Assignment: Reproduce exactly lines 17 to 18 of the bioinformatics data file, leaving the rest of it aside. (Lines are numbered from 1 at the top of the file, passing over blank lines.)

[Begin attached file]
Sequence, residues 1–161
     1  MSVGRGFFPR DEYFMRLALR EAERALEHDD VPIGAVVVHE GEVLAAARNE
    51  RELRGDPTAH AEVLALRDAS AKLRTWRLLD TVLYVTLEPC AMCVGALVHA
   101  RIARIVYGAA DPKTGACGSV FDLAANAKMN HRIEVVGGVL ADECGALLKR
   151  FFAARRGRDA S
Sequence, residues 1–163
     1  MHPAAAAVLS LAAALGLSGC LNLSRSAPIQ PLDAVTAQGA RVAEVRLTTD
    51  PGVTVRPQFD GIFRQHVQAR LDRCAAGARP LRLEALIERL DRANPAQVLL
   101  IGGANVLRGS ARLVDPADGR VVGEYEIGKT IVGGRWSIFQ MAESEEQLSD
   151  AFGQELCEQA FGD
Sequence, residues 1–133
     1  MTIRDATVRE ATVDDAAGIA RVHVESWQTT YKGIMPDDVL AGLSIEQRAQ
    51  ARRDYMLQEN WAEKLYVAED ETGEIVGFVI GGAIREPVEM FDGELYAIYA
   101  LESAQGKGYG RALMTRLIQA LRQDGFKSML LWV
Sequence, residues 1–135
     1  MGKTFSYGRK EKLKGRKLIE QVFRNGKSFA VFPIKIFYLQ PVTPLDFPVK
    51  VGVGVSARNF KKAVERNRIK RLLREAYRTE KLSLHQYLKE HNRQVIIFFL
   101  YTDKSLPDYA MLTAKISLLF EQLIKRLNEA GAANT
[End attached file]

    51  VGVGVSARNF KKAVERNRIK RLLREAYRTE KLSLHQYLKE HNRQVIIFFL
   101  YTDKSLPDYA MLTAKISLLF EQLIKRLNEA GAANT